Warm-Ups and Stretching
Warm-ups are an important part of each and every exercise session. Engaging in regular warm-ups can help to get your heart moving as well as loosen up your muscles, joints, tendons and bones. This can help reduce your risk of traumatic or overuse injuries (including sprains, strains, tears, pulls, fractures, dislocations, stress fractures, and more).
Standard Yoga positions are typically good for stretching and warm-up
Downward Dog is a yoga position that stretches your shoulders, spine, hamstrings and calves. It is a good stretch for the upper part of your spine between your shoulder blades.
Prior to engaging in any form of physical activity, you should engage in a five to 10 minute warm-up.
Sample warm-ups include
- Light walking (on land or on a treadmill)
- Using an elliptical machine
- Cycling in low gear
- Jumping rope
- Completing jumping jacks
- Sports specific warm-ups (i.e. if you play softball, throw a softball around with a teammate for five to 10 minutes.)
A good warm-up will help to get your blood flowing and improve your breathing rate. This can help to improve your exercise or athletic performance.
Gentle stretching should always occur for five to 10 minutes prior to beginning exercise or sports participation. Stretching is a form of physical exercise that specifically targets one muscle group at a time. During stretching, specific muscles are deliberately elongated in an effort to loosen them and prevent injury during physical activity.
There are several different types of stretching:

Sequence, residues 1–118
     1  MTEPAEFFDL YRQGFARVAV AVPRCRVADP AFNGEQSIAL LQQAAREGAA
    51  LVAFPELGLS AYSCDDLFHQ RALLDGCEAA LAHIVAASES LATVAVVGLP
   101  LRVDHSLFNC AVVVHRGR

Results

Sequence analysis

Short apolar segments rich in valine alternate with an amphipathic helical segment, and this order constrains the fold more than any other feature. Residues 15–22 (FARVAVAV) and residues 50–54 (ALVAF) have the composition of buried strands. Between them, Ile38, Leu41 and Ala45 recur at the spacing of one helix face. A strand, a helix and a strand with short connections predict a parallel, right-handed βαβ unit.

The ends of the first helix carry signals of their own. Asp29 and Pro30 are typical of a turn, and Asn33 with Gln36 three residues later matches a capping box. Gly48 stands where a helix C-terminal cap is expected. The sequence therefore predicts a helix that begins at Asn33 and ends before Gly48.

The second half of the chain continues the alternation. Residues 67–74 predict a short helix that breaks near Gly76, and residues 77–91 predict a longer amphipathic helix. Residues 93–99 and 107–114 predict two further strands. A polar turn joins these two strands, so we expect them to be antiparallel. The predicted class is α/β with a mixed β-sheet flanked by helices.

Static stretching is a type of stretching that requires you stretch a muscle to its furthest point (as far as you can possibly stretch it) and hold is at that point. Static stretches are typically held for 20 to 60 seconds and should never cause your any pain. If you are feeling pain or discomfort while performing static stretches, the stretch should be reduced in an effort to prevent over-stretching and muscle damage to the muscles you are stretching.
Basic Hamstring Stretch
This stretch is performed with you sitting on the ground with your legs together and straight out in front. Your knees should be straight. By breathing out and reaching forward, you will feel the pulling in the back of your lower legs.
Stand up straight with your feet positioned shoulder-width apart and your knees slightly bent. Rest your hands on your hips. Slowly bend to one side without leaning forward or backward. Hold this position for 30 seconds. Relax and repeat on the opposite side. Complete one set of 3 repetitions for each side.
Sit on the ground with your legs fully extended in front of you. Your knees and toes should be pointing toward the ceiling with your back straight and your heels touching the ground. Place your hands (palm side down) on the ground beside your hips. Slowly slide your hands in the direction of your ankles while leaning forward at the waist. When you begin to feel a stretch in the back of your upper legs, stop and hold this position for 30 seconds. Relax and repeat three times.
Stand with your hands positioned flat against a wall and assume a lunging position. Your front knee should be bent with your back leg fully extended. Both of your feet should be flat on the ground. Gently lean forward at your hips until you feel a stretch in the back of your straight leg. Hold this position for 30 seconds. Relax and repeat three times for each leg.